The tea plant Camellia sinensis, which is a member of the plant family Theaceae, is a small evergreen tree that is related to the camellias commonly grown in gardens. Although there are more than 3,000 different types, or grades, of true tea that are produced, nearly all are derived from this single species. Other plants such as peppermint
and jasmine, which are also often steeped to yield a hot drink, are not true teas. Next to water, tea is said to be the most common drink in the world, with production exceeding two million tons per year worldwide.
Tea is thought to be native to China and/or Tibet, but not to India or Sri Lanka, where most commercial tea is grown today. The practice of drinking hot tea likely originated in China, and was later taken up in Japan, where elaborate tea drinking ceremonies developed. It was only much later, during the 1600s, that the export of tea to Europe began. Today, tea is consumed worldwide, and a great variety of practices has evolved regarding how and when tea is served and consumed. For example, Americans often drink tea with or after meals, adding milk, sugar, or lemon, while in Great Britain, it has long been the practice to serve tea in the late afternoon, often accompanied by cakes or biscuits.
The tea plant is grown almost exclusively for the drink that is made by brewing the flower buds and leaves. Before reaching the consumer, either as loose tea, tea bags, or bricks, a rather complex series of steps takes place. Dried tea is prepared by harvesting steps that usually include drying, rolling, crushing, fermenting, and heating. The result is the drink that is consumed, both hot and cold, primarily because of the stimulatory effect of the caffeine and the astringent effect of the tannins that the plant contains. Depending on where and how the tea is grown, when and how much of the plant is harvested, and the details of the processing, the resulting tea can take on an astounding range of tastes and colors. Commercial teas are generally of two forms—black or green—with black by far the more common. Black tea differs from green primarily because of an additional fermentation step caused by microorganisms on the dried, crushed leaves. In addition to black and green teas, other major classes of tea are produced as a result of alterations of the basic production process.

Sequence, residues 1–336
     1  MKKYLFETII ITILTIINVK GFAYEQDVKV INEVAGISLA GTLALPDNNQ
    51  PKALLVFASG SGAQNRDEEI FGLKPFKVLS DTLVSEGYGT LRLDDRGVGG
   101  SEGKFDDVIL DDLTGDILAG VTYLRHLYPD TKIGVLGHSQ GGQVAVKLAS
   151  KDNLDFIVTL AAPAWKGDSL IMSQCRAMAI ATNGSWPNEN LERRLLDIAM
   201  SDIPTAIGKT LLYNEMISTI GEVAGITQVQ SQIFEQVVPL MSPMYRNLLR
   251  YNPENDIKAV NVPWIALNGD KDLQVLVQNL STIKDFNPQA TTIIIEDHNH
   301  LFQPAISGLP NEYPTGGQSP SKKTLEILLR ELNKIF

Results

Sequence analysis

Caffeine —A bitter alkaloid present in tea, coffee, and other drinks, that acts as both a stimulant and a diuretic.
Tannin —An organic constituent of tea that influences the taste, color, and pungency.
Theaceae —A tropical and subtropical family of trees and shrubs that includes the tea plant and a variety of cultivated species, including Camellias.
Tea was originally steeped from the loose leaves, which could be added to boiling water, or through which boiling water could be poured. In North America, and increasingly elsewhere, most tea is now brewed from tea bags rather than from loose tea. By steeping tea bags for shorter or longer periods of time, the color and the strength of the tea can be controlled—yet one more example of how the final drink can be manipulated. Regardless of the type of tea, virtually all commercial teas are blends of several to many different types that have been combined in such a way—and often based on secret recipes—to achieve a particular taste and color. In addition, dried leaves or oils from other plants are sometimes added to achieve a particular taste, as in the case of Earl Grey tea. Although purists sometimes scoff at such practices, there are many teas in which interesting flavors have been achieved in this way.
In thinking about tea, students of United States history recall the Boston Tea Party of 1773. In this uprising, the tea cargo on three British ships was thrown into Boston Harbor by small group of colonists disguised as Native Americans, this to protest a tax levied by Britain’s King George III. The resulting closing of Boston Harbor by the British can be interpreted as but one of the many events of history leading to the writing of the Declaration of Independence.
Van Wyk, Ben-Erik. Food Plants of the World. Portland, Oregon: Timber Press, 2005.
Zhen, Yong-Su, ed. Tea: Bioactivity and Therapeutic Potential. New York: CRC, 2002.
Steven B. Carroll